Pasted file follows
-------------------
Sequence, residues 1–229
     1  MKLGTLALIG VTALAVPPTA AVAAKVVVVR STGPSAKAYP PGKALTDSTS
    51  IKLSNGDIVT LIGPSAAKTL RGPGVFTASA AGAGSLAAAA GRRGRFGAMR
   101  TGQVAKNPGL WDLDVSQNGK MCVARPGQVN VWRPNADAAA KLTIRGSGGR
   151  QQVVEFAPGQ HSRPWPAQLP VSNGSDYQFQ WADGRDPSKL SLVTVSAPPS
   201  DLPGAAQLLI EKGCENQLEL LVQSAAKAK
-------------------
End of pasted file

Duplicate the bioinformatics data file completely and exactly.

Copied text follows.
Sequence, residues 1–229
     1  MKLGTLALIG VTALAVPPTA AVAAKVVVVR STGPSAKAYP PGKALTDSTS
    51  IKLSNGDIVT LIGPSAAKTL RGPGVFTASA AGAGSLAAAA GRRGRFGAMR
   101  TGQVAKNPGL WDLDVSQNGK MCVARPGQVN VWRPNADAAA KLTIRGSGGR
   151  QQVVEFAPGQ HSRPWPAQLP VSNGSDYQFQ WADGRDPSKL SLVTVSAPPS
   201  DLPGAAQLLI EKGCENQLEL LVQSAAKAK